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Jerry Kiser: Terrorism comes from despair

When a man has nothing but his religion, it is his religion he relies on to give him courage, hope and faith to continue in difficult times. And these are difficult times in the tribal lands of the Sunni Arabs in western Iraq.

I am a former Wichita resident who recently returned to Wichita after working in Iraq on and off for nine years. It has affected me greatly. The violence was horrific and has become downright repugnant.

I probably see things differently from most, and I can tell a different story than what is read in the daily news stories from Iraq.

I now see the fight for Al Anbar province in western Iraq as a fight for the soul of the Arab world. Al Anbar makes up one-third of Iraq and is truly the heart of Sunni Arab tribalism in Iraq.

About half of the 43 tribes in Al Anbar are with us, and about half against us. They are a simple people with a lot of tradition and pride. They were never fundamental zealots like Islamic State fighters, but about half have become that way.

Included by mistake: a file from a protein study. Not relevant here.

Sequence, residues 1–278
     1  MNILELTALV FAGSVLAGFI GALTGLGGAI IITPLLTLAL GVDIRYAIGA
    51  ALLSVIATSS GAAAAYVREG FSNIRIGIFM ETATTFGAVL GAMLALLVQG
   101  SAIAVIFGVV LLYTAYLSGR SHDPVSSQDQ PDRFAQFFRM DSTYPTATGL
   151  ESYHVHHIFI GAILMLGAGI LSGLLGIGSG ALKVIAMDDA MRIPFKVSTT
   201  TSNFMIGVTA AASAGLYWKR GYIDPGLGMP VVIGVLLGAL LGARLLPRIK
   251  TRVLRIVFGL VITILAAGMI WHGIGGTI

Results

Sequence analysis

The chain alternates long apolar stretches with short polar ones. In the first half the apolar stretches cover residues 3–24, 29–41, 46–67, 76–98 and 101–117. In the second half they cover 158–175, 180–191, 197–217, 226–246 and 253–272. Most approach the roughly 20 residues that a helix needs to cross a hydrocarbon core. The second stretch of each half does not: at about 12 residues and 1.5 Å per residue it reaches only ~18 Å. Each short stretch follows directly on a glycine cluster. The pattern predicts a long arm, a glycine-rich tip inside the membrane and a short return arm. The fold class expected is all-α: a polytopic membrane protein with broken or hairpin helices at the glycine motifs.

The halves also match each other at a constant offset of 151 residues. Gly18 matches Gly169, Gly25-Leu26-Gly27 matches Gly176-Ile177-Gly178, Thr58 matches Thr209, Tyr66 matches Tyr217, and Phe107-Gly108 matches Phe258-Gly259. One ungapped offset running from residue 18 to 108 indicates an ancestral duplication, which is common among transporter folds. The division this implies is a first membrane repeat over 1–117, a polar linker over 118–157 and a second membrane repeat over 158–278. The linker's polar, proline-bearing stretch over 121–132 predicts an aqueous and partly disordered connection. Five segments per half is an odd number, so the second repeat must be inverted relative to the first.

How could we have gained their trust and had them join us to fight al-Qaida in 2005-07, and then abandoned them? How could we make them such a desperate and destitute people that they would turn to terrorism?

The answer can be found in a broken U.S. foreign policy that was implemented based on fraud, deception and betrayal of the American people. It is well-known that we lied to go to war, and we keep telling ourselves our policy is sound. Well, it is not. The current administration’s policy to pull out, no matter what the cost, was the worst thing to do.

Our support of the regime of former Prime Minister Nouri al-Malaki is the root cause of what we are seeing in Iraq today. We implemented a constitution that was not realistic, then tried to pass an oil law favorable to just the Kurds and the Shiites. By giving economic resources to only two of the three ethnic groups, we abandoned the third – the Sunni Arabs. This abandonment, lack of financial resources and marginalization of the Sunnis have led these people to desperate acts of self-destruction.

Like they say nowadays in the United States, “If there is no justice, there will be no peace.” This could not be more true than in Iraq.

Our greatest enemy is not Islam. It is poverty, illiteracy and despair.

Jerry Kiser is CEO of a petroleum land services company.

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